U.S. stocks rose Friday, posting modest weekly gains, after the monthly employment report showed the labor market continued its slow recovery in May.
Stocks started off the week wavering between small gains and losses, before momentum picked up on the week’s final trading day.
One factor that helped break the lull: the May jobs report. Labor Department data released Friday showed the U.S. economy added slightly fewer jobs than economists had expected, while the unemployment rate fell more than expected. Together, the mixed data offered investors one main takeaway: the labor market is improving, but not at a pace that will make the Federal Reserve rush to pare back additional support from the economy.
“Nothing from today is going to move the needle for the Fed imminently,” said James McCann, deputy chief economist at Aberdeen Standard Investments, in emailed comments.
Barring a sustained pickup in wage pressures, “the Fed remains convinced that short term price pressures will not last, suggesting that rates will be on hold until 2023 absent any nasty surprises,” Mr. McCann said.
The Dow Jones Industrial Average gained 179.35 points, or 0.5%, to 34756.39, finishing just below its all-time closing high hit last month. The S&P 500 added 37.04 points, or 0.9%, to 4229.89, also just missing a record, while the Nasdaq Composite advanced 199.98 points, or 1.5%, to 13814.49.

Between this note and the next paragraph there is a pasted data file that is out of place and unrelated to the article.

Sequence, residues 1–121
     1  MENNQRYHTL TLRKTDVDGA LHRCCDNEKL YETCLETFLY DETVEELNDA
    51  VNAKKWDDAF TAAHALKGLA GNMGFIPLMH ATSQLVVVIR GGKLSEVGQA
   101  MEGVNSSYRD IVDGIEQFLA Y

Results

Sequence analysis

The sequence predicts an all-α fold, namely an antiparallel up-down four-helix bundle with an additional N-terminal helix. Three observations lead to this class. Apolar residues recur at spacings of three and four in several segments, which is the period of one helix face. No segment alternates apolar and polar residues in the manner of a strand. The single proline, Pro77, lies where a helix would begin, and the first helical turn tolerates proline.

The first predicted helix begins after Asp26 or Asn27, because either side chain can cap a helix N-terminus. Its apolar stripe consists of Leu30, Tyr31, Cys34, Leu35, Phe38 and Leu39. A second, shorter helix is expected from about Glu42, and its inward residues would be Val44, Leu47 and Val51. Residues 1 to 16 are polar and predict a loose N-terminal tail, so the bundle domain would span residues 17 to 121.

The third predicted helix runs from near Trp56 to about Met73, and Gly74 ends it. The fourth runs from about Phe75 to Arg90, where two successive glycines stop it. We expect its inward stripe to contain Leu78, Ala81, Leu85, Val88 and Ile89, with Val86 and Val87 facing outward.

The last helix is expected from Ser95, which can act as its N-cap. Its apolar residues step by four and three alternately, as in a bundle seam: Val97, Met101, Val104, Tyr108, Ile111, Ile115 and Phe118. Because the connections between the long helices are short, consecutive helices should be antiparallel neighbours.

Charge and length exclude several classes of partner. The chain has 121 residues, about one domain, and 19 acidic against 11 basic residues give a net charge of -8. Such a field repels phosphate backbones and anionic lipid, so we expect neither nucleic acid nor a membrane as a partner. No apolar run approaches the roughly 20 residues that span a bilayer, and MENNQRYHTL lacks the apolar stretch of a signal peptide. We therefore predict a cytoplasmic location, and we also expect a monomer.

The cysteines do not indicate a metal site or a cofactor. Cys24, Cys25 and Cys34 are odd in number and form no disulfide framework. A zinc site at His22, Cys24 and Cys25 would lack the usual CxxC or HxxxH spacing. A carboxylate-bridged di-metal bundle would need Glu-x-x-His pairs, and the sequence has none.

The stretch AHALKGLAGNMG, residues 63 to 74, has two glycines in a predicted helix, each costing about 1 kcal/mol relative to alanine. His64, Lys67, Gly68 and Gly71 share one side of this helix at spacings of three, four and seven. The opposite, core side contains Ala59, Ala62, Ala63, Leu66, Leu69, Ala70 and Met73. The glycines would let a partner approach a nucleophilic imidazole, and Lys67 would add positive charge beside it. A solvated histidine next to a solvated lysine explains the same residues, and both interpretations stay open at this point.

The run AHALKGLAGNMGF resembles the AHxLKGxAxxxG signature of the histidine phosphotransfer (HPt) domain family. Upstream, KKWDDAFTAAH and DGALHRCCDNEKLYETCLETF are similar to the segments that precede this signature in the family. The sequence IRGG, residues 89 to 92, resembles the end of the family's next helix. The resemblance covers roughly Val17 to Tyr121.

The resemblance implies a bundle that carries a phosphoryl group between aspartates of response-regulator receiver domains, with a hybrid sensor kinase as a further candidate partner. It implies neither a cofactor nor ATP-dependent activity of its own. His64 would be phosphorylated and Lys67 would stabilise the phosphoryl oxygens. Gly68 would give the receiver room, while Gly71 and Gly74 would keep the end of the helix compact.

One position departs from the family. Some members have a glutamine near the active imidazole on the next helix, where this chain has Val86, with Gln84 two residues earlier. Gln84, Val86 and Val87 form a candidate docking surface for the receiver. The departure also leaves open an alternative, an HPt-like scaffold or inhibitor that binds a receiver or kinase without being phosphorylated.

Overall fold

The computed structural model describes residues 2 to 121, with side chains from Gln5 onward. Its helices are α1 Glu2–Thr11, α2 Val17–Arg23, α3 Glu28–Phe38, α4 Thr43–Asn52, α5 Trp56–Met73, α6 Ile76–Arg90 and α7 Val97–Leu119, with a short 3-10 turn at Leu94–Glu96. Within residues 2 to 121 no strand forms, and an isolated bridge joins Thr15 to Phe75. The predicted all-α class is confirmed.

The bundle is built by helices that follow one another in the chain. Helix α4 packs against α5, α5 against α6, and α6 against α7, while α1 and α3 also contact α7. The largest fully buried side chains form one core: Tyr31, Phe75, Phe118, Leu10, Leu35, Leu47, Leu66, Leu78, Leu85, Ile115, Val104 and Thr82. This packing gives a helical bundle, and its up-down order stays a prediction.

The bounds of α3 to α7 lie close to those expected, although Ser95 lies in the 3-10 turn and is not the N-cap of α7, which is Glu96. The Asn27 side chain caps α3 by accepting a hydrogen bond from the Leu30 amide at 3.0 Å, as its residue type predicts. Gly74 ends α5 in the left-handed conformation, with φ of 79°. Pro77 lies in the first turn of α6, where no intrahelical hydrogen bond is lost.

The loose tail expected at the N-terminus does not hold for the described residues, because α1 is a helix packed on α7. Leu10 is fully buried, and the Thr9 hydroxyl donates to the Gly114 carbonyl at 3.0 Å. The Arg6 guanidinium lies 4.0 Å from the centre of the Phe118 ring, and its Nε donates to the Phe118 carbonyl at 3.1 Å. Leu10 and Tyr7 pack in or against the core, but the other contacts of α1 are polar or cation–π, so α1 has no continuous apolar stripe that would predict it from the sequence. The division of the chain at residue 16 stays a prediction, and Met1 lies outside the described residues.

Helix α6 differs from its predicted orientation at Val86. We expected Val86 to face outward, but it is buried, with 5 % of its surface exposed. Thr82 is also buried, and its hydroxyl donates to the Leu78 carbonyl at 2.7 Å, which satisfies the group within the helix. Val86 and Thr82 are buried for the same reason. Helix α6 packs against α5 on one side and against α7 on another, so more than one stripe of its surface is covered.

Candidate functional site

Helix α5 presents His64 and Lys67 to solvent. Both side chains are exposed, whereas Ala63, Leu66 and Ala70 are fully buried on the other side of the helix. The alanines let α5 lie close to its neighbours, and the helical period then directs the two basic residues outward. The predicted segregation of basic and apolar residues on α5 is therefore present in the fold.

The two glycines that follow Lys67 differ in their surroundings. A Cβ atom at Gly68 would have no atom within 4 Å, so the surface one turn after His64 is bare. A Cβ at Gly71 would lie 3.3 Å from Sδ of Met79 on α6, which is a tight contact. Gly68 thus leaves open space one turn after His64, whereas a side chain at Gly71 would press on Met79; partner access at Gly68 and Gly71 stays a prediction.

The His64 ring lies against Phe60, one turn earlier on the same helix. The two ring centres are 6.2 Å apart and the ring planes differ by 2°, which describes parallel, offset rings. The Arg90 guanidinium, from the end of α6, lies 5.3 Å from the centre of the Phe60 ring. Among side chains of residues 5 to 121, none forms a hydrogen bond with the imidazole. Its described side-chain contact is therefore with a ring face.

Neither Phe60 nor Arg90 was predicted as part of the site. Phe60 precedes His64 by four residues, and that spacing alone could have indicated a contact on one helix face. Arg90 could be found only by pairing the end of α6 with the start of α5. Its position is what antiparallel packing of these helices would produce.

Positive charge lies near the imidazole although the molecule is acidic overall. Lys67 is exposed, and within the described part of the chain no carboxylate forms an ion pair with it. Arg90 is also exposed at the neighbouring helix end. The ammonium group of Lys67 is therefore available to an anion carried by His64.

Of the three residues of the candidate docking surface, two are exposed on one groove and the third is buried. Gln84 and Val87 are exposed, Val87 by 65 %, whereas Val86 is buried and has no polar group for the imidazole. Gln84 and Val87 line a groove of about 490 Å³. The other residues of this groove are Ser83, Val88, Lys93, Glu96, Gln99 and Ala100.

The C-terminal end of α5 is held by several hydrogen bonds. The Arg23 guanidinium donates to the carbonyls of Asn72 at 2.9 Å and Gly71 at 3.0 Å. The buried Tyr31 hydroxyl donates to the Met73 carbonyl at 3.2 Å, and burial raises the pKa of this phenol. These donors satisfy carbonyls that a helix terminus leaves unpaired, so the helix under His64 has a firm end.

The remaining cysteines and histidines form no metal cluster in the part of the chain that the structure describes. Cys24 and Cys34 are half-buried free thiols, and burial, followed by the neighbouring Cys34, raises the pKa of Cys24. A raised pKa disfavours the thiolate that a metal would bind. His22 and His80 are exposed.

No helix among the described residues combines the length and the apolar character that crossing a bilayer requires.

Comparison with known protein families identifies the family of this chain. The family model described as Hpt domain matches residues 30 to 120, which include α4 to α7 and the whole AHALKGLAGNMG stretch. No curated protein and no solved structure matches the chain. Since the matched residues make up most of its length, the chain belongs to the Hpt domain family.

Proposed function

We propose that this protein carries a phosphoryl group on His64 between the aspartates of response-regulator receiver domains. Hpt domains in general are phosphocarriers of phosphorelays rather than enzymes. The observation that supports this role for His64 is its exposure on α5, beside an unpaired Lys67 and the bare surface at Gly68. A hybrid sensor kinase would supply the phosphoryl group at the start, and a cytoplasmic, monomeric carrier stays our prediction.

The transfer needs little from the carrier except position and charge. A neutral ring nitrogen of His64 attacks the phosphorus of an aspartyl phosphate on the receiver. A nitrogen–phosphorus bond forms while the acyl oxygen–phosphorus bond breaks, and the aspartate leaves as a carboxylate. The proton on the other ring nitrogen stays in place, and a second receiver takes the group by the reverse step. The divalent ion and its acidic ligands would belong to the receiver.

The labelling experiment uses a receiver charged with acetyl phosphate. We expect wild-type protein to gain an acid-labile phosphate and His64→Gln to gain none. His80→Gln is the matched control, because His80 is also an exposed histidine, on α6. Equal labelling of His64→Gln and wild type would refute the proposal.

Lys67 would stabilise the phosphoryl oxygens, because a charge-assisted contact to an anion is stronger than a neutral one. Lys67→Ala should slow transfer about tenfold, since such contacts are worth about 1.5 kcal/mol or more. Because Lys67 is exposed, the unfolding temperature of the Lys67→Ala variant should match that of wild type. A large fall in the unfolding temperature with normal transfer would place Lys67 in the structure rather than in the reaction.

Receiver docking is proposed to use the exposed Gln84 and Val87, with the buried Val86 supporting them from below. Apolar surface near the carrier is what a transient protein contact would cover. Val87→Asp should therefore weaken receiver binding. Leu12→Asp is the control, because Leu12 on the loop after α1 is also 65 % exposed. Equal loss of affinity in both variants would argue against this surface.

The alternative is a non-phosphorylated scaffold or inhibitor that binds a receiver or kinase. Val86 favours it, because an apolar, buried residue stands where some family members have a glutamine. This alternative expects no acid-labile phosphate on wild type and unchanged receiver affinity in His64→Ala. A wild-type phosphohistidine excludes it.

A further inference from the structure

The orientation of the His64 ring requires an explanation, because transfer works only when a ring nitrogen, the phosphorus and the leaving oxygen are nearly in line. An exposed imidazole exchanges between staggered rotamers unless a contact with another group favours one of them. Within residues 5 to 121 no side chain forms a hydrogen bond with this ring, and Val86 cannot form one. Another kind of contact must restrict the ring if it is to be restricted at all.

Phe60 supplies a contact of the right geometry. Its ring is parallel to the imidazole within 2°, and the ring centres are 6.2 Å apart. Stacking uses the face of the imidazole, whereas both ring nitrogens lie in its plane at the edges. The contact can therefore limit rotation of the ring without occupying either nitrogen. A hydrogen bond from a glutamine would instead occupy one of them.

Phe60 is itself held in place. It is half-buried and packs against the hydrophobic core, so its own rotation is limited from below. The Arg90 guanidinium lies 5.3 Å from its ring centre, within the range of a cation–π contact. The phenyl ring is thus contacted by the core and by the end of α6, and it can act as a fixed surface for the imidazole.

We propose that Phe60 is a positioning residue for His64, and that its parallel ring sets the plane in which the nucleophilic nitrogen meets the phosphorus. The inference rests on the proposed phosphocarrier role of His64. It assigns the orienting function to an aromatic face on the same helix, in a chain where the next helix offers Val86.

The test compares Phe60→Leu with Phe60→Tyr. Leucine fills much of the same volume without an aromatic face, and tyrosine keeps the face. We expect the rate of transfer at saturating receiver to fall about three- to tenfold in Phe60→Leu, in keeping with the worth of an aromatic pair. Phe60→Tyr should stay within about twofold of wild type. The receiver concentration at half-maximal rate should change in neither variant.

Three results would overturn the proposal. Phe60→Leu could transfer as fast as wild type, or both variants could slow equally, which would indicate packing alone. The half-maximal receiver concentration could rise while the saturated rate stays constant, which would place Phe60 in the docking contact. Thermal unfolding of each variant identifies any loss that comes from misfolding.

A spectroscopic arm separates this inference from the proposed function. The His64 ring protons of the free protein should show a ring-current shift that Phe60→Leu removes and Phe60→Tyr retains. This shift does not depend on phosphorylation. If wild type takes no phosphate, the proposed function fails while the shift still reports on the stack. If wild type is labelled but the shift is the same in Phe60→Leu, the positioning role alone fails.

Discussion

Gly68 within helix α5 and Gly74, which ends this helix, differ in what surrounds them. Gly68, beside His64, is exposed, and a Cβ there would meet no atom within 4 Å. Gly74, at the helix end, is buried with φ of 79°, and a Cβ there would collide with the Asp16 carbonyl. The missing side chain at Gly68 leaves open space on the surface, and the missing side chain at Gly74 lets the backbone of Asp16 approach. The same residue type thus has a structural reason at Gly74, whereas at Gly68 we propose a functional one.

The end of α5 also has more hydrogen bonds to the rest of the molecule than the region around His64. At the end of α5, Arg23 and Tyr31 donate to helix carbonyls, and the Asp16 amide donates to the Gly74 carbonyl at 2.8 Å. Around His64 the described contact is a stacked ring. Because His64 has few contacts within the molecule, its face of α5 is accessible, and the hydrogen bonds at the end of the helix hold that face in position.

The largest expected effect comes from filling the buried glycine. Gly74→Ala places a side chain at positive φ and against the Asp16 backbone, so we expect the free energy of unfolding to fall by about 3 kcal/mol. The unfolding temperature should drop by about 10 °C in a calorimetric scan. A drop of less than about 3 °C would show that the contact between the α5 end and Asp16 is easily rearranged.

For the week, the Dow advanced 0.7%, the S&P 500 climbed 0.6% and the Nasdaq gained 0.5%.
In bond markets, the yield on the 10-year U.S. Treasury note fell to 1.559%, its lowest level since late April, from 1.624% Thursday. Investors had said a better-than-expected jobs report could prompt selling in safe government bonds, while the reverse could lead to buying. Yields fall as bond prices rise.
Fiscal and monetary policy are seen as having been crucial in propelling the stock market’s recovery and rally to unprecedented levels since the pandemic hit last spring. Investors said any indications that the Fed may end its support could lead to volatility in stocks.
“Just printing money and pumping it into the system has been a big stimulus for markets, and the second you wean markets off that, it means markets need to stand more on their own two feet,” said Hani Redha, a portfolio manager at PineBridge Investments. “It’s a kind of coming-off-morphine type of experience.”
Meanwhile, volatile trading in meme stocks that have captured the attention of individual investors persisted Friday.
Shares of AMC Entertainment Holdings slipped $3.43, or 6.7%, to $47.91 after waffling between gains and losses. The shares finished Thursday’s wild trading session down 18% after the movie-theater operator said it plans to sell more stock—while simultaneously cautioning potential buyers of its shares that they might lose all their money.
Shares of Pershing Square Tontine Holdings fell $2.99, or 12%, to $22.06 after the blank-check company led by hedge-fund billionaire William Ackman confirmed that it is in talks to acquire a stake in Universal Music Group.
Overseas, the pan-continental Stoxx Europe 600 ticked up 0.4%.
In Asia, major benchmarks were mixed. The Shanghai Composite Index ticked up 0.2%. Japan’s Nikkei 225 declined 0.4%, and Hong Kong’s Hang Seng Index slid 0.2%.
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